Newspaper article Pittsburgh Post-Gazette (Pittsburgh, PA)

Arbitrator Sides with Union in Police Pay Dispute with City On-Duty and Off-Duty Officers Must Be Paid Same Rate for Special Events

Newspaper article Pittsburgh Post-Gazette (Pittsburgh, PA)

Arbitrator Sides with Union in Police Pay Dispute with City On-Duty and Off-Duty Officers Must Be Paid Same Rate for Special Events

Article excerpt

An arbitrator ruled this week that on-duty Pittsburgh police officers who are sent to work at special events -- such as Steelers, Pirates and Penguins games -- must be paid at the same higher rate as off-duty officers hired by the venues.

The Sept. 30 decision, outlined in a letter obtained by the Pittsburgh Post-Gazette, came after two officers filed more than a half-dozen grievances stating they felt the city violated the collective bargaining agreement when it sent on-duty officers to work alongside their off-duty counterparts, who are paid at a time- and-a-half rate billed to the companies hosting the events.

It's unclear how often the police bureau sends on-duty officers to work at such events, and police union officials have said in the past they worry the practice drains already strapped neighborhood stations of the manpower they need to properly respond to calls.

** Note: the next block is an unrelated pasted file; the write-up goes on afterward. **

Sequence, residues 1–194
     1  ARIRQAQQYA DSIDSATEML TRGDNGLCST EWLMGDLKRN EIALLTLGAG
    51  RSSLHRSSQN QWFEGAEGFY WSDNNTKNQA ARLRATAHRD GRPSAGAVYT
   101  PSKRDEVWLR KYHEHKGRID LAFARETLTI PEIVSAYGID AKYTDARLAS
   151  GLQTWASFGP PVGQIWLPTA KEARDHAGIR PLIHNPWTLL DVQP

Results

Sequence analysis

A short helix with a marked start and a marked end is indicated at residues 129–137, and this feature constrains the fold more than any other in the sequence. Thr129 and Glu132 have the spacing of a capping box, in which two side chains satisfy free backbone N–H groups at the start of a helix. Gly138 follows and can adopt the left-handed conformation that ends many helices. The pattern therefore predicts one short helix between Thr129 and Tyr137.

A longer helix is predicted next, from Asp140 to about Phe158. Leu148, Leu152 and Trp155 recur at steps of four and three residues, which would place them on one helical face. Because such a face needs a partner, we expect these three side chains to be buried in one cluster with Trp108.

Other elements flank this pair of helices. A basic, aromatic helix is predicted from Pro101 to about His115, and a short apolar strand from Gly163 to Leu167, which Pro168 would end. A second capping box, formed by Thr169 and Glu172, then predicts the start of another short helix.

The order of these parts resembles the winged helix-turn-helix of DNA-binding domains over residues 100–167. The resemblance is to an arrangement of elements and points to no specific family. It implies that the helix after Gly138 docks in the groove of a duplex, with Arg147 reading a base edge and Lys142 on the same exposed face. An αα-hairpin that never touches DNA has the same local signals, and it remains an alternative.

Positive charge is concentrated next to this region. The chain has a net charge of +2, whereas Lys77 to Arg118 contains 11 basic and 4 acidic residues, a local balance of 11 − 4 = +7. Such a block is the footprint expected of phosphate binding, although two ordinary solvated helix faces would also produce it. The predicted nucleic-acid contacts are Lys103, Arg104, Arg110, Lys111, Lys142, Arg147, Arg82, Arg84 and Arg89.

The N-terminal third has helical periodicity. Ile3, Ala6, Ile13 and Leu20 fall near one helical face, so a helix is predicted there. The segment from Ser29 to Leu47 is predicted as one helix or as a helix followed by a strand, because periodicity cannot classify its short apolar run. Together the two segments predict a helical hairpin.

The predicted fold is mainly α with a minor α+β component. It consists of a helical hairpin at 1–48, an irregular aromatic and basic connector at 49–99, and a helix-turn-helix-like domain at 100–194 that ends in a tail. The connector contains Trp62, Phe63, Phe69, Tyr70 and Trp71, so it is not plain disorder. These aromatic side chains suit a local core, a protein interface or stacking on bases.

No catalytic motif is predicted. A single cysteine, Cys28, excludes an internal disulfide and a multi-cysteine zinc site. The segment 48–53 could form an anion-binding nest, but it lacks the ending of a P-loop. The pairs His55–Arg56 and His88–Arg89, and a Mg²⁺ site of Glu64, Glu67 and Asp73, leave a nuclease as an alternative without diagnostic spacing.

Also unclear is who would foot the bill, given the higher pay rate.

The city could choose to appeal the arbitrator's decision in Allegheny County Common Pleas Court.

Contacted through her spokeswoman Wednesday afternoon, acting police Chief Regina McDonald declined to comment "until she has had the opportunity to review the arbitration award and determine as to how it can be implemented."

City solicitor Daniel Regan said his office is reviewing the decision handed down by labor arbitrator Philip W. Parkinson and is attempting to determine how to proceed. "Obviously, we had a position that was different than the award," he said.

Representatives from the police union and the city met for an arbitration hearing Sept. 4 after Zone 2 Officers Robert Swartzwelder and David Lincoln filed grievances.

As part of his ruling, Mr. Parkinson, who declined comment, described one grievance from Officer Swartzwelder that he described as typical of the others. …

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